EIPG is among the sixteen European professional and industrial associations recognised as relevant interested parties by the European Commission in the review process leading to the completely updated version of the Annex 1 to GMPs.
On 28 September dr Francesco Boschi (head of AFI’s Microbiology working group) discussed in a webinar the EIPG vision of the final draft of the new Annex 1, as resulting from comments received by members of the different EIPG’s national associations. The EIPG’s working group led by Dr Boschi collected and examined all the opinions, and elaborated the output documents then shared with the other stakeholders. As a result of this exercise, EIPG has forwarded a formal communication to the EU Commission highlighting the technical comments from the point of view of Industrial Pharmacists. A joint letter has been also signed by all the recognised associations and addressed to the Commission to highlight the need of flexibility in the use of alternative approaches, clarification of few critical points and the request of a better dialogue with regulators.
The EIPG working group received a fundamental contribution from AFI (the Italian association representing industrial pharmacists, which prepared the first draft circulated to EIPG’s delegates) as well as from Belgian and Spanish experts to prepare the final integrated document submitted to the EU Commission. The Covid-19 emergency posed many challenges to the entire process, which took place entirely through online meetings.
A completely new vision
The new Annex 1 represents a radical revision of the rules governing GMP manufacturing of sterile medicinal products (both terminally sterilised and aseptically filled). The original document was released in 1971 and a first, limited revision occurred in 2008.
The current draft is the result of a first proposal made by the European institutions in 2017, followed by a consultation phase that led to the collection of more than 6,200 single lines of comments. The second draft elaborated thereof was subject to a limited round of consultation involving just the sixteen recognised associations (including EIPG); a parallel consultation also occurred at the level of WHO and PIC/S in order to maintain the global alignment of standards. AFI contributed to the first round of consultation issuing three general comments and some other 40 on specific points. All comments were submitted to EMA through EIPG, and several of them have been reflected in the second draft.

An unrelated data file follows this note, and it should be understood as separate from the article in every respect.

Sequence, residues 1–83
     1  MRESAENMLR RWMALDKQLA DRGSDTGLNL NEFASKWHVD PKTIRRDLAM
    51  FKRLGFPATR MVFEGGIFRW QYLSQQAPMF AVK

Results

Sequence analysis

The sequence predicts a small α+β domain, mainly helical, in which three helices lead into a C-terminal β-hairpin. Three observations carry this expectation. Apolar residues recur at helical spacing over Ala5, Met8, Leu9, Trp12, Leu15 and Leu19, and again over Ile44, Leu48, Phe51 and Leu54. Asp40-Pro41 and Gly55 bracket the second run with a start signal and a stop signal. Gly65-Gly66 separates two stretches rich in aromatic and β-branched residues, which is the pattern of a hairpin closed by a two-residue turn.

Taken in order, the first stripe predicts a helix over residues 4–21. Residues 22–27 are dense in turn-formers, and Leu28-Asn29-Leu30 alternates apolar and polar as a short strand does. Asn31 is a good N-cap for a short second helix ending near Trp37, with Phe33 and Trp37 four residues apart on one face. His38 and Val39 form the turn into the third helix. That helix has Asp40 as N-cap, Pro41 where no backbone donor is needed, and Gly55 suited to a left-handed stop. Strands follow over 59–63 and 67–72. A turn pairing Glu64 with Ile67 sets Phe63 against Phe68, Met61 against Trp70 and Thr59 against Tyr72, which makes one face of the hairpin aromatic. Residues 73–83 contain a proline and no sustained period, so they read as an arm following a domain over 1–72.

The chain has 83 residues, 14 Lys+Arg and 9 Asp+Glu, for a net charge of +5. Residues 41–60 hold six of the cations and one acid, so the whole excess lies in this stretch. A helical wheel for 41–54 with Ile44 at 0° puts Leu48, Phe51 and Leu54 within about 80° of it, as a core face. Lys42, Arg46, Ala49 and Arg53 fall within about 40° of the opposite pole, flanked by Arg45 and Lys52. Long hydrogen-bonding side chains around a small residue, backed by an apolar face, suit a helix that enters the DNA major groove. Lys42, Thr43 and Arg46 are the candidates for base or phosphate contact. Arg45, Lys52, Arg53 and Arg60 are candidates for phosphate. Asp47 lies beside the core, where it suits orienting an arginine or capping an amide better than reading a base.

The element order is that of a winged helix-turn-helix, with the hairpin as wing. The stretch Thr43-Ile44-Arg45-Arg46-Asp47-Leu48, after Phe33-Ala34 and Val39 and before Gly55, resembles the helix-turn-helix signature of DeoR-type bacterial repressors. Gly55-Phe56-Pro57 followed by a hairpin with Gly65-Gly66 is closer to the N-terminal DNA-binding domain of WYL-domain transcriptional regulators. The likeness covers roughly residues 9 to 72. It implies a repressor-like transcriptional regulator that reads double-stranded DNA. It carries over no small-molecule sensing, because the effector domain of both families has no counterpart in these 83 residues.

«The new Annex 1 shall represent one of the most important documents in incoming years, it may also influence GMPs. Many concepts have changed with respect to the 1971 and 2008 versions – explained Francesco Boschi -. Quality risk management (QRM) has now been introduced, as well as new process technologies and sections, leading to a more detailed document and to a more logical flux of information».
The new concept of Contamination Control Strategy (CCS) is the key to fully understand the approach of the new Annex 1: the risk analysis should lead to the definition of all the critical control points, the assessment of the efficacy of planned controls (at the design, procedural, technical and organisational levels) and of the mitigation measures put in place to manage the identified risks. «The CCS is a dynamic document, which should be actively updated in order to drive to continuous improvement of the manufacturing and control methods», said Dr Boschi.
The main points needing attention
The second round of consultation was limited to selected parts of the draft Annex 1 (chapters 4, 6, 7, 8, 9, and 10), even though comments were possible also on other sections. For each of the involved paragraphs, during the webinar dr Boschi explained the suggestions elaborated by the EIPG working group.
As for Chap. 4 (Premises), a clarification would be needed on how to implement the use of barrier systems, including RABS and isolators aimed to minimise the contamination associated to human intervention. «Many companies have already in place approaches other than RABS in existing facilities, which should be supported in the CCS by a documented Risk Assessment considering both historical data and established controls», explained Francesco Boschi (par. 4.3).
Another critical point (par. 4.23) is represented by the need to sterilise RABS gloves used in Grade A zones. EIPG’s experts suggested they should be sterilised before installation and then sterilised or effectively decontaminated by a validated method prior to each manufacturing campaign. «A 6 log reduction can only be achieved by a process such as VHP, which is not feasible in open RABS – said Dr Boschi -. A validated sanitation ensuring a 3 log reduction of vegetative cells and a 2 log reduction of spores is typically adequate».